Care pathways are the backbone of a patient's story. They reflect the practical aspects of a patients story, but not the experience. The experience-based design approach has been created to return service design focus to experience, in the hope of improving that.
"using experience to gain insights from which you can identify opportunities for improvement"
In order to design based on experience, those experiences need to be captured, understood, improved and measured.
There are touchpoints or 'moments of engagement' between patients and services - what emotions do they create? Mapping those emotions through the process of the episode of care can be very enlightening.
For example, my care pathway is through several different consultations and referrals including neurosurgeons. That sounds very reasonable. But at each of those points, there were emotional reactions. Being referred to a neurosurgeon is no everyday matter, and neither are the appointments - emotions of fear, anxiety, stress built up. While a referral to a physio prompted me to feel slightly more hopeful and motivated to help myself. But its not just the engagement with the healthcare professionals. In fact, more often than not, it's the letters and the calls to the secretaries that induce the most anger and frustration - the most extreme emotions for me!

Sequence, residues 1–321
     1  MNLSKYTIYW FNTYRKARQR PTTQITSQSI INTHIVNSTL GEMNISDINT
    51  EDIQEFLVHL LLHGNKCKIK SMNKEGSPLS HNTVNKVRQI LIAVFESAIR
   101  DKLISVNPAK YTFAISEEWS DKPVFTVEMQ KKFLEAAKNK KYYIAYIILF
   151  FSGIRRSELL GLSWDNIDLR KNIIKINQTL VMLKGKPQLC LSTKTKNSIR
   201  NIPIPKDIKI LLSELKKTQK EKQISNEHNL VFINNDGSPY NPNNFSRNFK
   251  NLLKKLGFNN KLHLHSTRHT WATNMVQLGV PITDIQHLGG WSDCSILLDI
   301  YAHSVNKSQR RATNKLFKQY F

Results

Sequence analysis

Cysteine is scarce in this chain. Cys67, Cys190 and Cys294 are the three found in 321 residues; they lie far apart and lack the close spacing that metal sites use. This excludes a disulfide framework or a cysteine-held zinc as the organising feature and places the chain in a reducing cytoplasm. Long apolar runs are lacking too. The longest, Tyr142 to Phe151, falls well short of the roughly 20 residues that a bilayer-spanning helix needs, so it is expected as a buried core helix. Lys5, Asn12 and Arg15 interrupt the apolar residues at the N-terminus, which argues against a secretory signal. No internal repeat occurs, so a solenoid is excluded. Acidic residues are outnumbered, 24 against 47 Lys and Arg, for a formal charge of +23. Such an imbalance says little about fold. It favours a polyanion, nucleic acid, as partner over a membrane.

By looking at my somewhat convoluted pathway through the NHS in such detail, the intricacies of what adds up to an overall 'good' or 'bad' experience can be seen.
This whole concept is explained really well on this NHS Institute for Innovation and Improvement presentation.